Q: Was there an interview? I can’t imagine Harvard accepting undergraduates without interviews.

A: Yes, there was one. But even before that, there was a lot of paper work to do. Only short-listed candidates will then be given interviews. I was granted just one interview. That was in Kuala Lumpur by a Singaporean interviewer.

Q: Were you the only Sarawakian at that interview?

A: No, another girl from my school, Jacintha Tagal, the daughter of the late Dr Judson Tagal (Ba’ Kalalan assemblyman who perished in a helicopter crash at Bario in 2004) got into Harvard the same year with me. So, it was like, awesome.

Q: Okay, so why chemistry? That’s about as far away from architecture as you can get.

A: I guess coming from a Malaysian education, being in the science stream, made me think about a career in science.

Q: What year are you in now?

A: I’m in my third year. It’s a four-year course.

Q: Any more Malaysians in your year?

A: There’s three of us, another is a boy from Kuala Lumpur. Next year, there will be a total of seven of us.

Q: How is it like to study in Harvard?

A: It’s pretty stressful but it is also a lot of fun. The style of learning is also very different from Malaysian education. They really want you to ask questions in class. They encourage you to think out of the box. We have assignments every week that goes towards your final grade. Basically, it’s a continuous grading system. Classes are very diverse too, in the sense that, even though I’m a chemistry undergraduate, I’m taking up archeology, photography, history and even classes on Confucius.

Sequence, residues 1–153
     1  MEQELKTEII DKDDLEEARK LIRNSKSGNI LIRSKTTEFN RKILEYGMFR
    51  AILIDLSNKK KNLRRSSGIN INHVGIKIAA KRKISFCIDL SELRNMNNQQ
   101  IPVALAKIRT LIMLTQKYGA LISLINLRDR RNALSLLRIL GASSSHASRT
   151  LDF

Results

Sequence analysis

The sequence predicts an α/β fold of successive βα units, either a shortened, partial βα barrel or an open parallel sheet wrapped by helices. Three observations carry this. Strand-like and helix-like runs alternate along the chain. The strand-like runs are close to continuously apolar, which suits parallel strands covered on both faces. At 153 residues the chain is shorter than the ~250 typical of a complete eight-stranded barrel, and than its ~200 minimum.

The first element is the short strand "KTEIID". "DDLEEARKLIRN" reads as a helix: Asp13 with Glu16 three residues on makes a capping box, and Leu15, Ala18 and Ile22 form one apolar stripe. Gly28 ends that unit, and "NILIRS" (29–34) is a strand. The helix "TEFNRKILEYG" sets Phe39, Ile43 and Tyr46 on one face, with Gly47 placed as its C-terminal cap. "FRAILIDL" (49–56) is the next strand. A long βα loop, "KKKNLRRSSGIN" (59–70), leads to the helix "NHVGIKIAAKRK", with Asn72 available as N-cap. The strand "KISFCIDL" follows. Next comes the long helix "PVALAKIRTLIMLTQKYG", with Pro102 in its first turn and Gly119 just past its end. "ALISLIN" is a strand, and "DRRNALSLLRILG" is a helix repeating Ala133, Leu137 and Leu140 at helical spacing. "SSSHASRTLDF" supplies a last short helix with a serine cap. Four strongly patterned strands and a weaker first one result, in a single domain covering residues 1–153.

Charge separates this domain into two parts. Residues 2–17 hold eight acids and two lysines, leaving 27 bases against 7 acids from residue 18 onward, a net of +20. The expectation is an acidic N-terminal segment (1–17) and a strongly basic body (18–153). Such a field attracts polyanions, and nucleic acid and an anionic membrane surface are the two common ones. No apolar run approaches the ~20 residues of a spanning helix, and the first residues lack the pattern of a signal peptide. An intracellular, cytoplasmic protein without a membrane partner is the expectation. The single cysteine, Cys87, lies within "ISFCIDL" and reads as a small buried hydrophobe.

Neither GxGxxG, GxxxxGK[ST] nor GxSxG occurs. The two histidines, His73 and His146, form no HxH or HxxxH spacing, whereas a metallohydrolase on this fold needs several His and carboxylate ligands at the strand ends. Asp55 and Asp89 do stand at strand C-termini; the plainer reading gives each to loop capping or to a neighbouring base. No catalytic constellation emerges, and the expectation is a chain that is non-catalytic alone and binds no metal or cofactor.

Q: Do you feel pressured being at Harvard? I mean just living up to expectations?

A: No no, I’ve never felt that way. I have the coolest parents ever. They’re always telling me to go have fun. They’re like, “Go watch a movie. Stop stressing out,” and I’m like, “Mum, I don’t have time”. [Laugh].

Q: That’s what I mean, you must feel like you’ve got a lot to accomplish. No?

A: I don’t feel that way. My parents have always told me to enjoy life, and that’s what I’m doing now.

Q: Growing up, did you ever attend tuition?

A: Not really, except for Additional Mathematics.

Q: So you’ve always self-studied?

A: Kind of. I used to have a friend who studied all the time. She kept inviting me but I was always ‘too tired’. [Laughs]

I’m someone who derives a lot of energy from my friends and family.

Q: From a Malaysian education background to Harvard, were you well prepared?

A: Honestly…not at all; at least not for the first few months. I had difficulties speaking my mind. We had to participate in all kinds of discussions, and for the most part, I just didn’t know what to say. Malaysian education doesn’t really prepare you for that.

It would be good to have more group discussions within Malaysian classrooms. I suppose it’s really about encouraging young kids to talk. I feel a lot of Malaysians are not ready to have discussions. I mean, once you go into the working world, all of us have to deal with meetings, presentations, or just to come up with good ideas.

Q: Let’s move onto sports. Are you still playing squash?

A: I started playing at the age of 10. My mum felt I was too meek. After playing, I started to open up. I played in the junior circuit competitions once a month. I had the opportunity to go to many places, but by 17, I had quit. At that time, I was ranked fourth in the country in the junior category.

Anyway, so now, I’ve started playing for my school again. It’s an inter-varsity league kind of thing.

Q: Having excelled in sport, growing up did you ever want to make it your career?

A: No, never. I just don’t think I have that much passion in it. It’s something I’ve always enjoyed doing. As a career? No, I don’t think I can be that good at it.

Q: It’s often said that the Malaysian education system neglects sports. What are your opinions?

A: For sure the government needs to emphasise more on sports. In the US, sports is really big. It’s part of their education. As for me, I know very well that it was a stepping stone into college.

Q: Are you the only Malaysian on Harvard’s squash team?

A: Yes, I am. But it’s really a team thing. We train three hours every day, and absolutely do not drink alcohol during the squash season.